The following Christmas, I was shopping for presents in Ipswich when I started to think about him. I wanted to send him a card, and wondered if his sense of humour would appreciate a skating scene — a touch of humour can often tame the worst of memories. Having suddenly stopped in my tracks, I crossed the street to buy a card and bumped straight into him on the other side. This was one of the spookiest things ever to happen to me. The street was quite broad at that point, and I had no idea that he was directly opposite me, talking to someone else.

We have exchanged Christmas cards every year since, sometimes with skating scenes on them. I met them both face-to-face in about 2008/2009 and spent an evening recounting the events over a great meal. It'll be the 30th anniversary this February (2021) and so I felt compelled to document that day in the knowledge that it cannot now change, and that it was what it was.

[1] Displayed with permission of the family.

[2] Picture taken 18 Feb 1991 in the foyer of the East Anglian Daily Times, and appearing in the Tuesday 19 Feb edition. Photo credit Archant Suffolk. Displayed with kind permission of Archant Suffolk Newsprints.

Thursday, 17 December 2020



If you are involved in the software representation of family history then you might justifiably ask what happened to STEMMA.

STEMMA is a private project to look at the digital representation of micro-history, including but not limited to family history. Work on it commenced in 2011, and the first specification appeared online in 2012. Primary goals were a distancing from the ubiquitous "build your family tree" notion of genealogy, avoidance of the use of trees as "wardrobes of hangers" upon which all and sundry can be placed, and a stemming the software trend of digesting everything to name-value pairs (usually described as "facts").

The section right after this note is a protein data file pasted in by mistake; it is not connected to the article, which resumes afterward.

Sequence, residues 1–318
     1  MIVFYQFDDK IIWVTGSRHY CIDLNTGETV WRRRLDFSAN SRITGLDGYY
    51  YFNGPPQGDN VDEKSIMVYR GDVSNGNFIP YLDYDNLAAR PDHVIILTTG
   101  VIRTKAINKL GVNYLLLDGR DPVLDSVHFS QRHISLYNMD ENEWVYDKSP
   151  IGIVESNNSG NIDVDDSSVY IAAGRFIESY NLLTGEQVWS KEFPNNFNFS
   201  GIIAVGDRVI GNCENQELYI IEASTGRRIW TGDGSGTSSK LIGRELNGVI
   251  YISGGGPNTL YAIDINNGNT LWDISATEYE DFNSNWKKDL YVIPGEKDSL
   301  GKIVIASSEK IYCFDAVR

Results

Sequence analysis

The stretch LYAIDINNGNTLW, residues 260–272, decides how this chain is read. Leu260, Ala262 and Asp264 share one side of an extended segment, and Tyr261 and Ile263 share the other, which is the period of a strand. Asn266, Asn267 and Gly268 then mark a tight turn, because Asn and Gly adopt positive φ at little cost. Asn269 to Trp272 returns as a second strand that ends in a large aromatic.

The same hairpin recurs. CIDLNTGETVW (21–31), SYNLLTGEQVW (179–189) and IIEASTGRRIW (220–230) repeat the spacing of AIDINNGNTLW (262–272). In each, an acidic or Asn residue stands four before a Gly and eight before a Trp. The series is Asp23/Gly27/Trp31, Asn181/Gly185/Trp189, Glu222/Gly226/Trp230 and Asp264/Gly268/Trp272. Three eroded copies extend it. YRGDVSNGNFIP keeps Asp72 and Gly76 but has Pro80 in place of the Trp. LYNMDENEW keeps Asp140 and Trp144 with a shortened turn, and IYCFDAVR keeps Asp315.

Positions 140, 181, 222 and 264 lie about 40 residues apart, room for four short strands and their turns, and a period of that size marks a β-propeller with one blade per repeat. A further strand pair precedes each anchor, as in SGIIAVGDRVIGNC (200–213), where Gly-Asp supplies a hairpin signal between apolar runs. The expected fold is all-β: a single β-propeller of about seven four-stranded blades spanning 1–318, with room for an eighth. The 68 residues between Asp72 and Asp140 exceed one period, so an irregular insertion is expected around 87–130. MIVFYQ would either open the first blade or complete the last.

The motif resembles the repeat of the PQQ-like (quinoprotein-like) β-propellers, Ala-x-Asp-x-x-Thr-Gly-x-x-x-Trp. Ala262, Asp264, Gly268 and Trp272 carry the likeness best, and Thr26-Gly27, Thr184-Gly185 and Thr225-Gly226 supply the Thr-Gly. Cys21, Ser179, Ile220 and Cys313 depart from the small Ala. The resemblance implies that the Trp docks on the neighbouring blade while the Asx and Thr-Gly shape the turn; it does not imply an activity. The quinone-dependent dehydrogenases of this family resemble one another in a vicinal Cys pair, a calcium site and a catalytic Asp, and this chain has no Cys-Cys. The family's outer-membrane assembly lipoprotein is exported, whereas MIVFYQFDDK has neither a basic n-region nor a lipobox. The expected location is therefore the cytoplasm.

Its significance in relation to recent work by both FHISO and FamilySearch is low because it still treads a quite different path. It is not interested only in people, or in biological lineage, and its wider choice of historical subjects (including places, groups, and animals) has allowed software to leverage their similarities and orthogonality, such as hierarchical relationships and the handling of multiple names.

STEMMA does not use a database, which means that it is its own import/export format, and so is better-suited to long-term data storage because it does not require a separate backup format. More than this, though, a STEMMA file can be considered a "non-sequential document". Opening a STEMMA attachment will begin with a prescribed landing page, but the choice of where to navigate to from that page is a decision to be made by the reader. There is no sequential or hierarchical ordering of any pages, but there are many internal semantic links that can be followed based on some conscious rationale, and these might uncover lineage relationships (including trees), images, places, maps, or even narrative — all of which are integral parts of the data.

It is shocking that so few products accommodate narrative text, either for documenting the research process, authored works, story telling, memories, documenting biographical details, or for the transcription of old documents; and I do not know whether to laugh or cry when I hear software people still talking about programmatically generating text to lace together their recorded "facts". Software does not "understand" your research process, and should merely help you with its organisation and analysis. Human beings do not understand computer-speak and should not be presented with whatever it is that software people think is so convenient for their endeavours. Text is here to stay, and it should be an essential component of your data!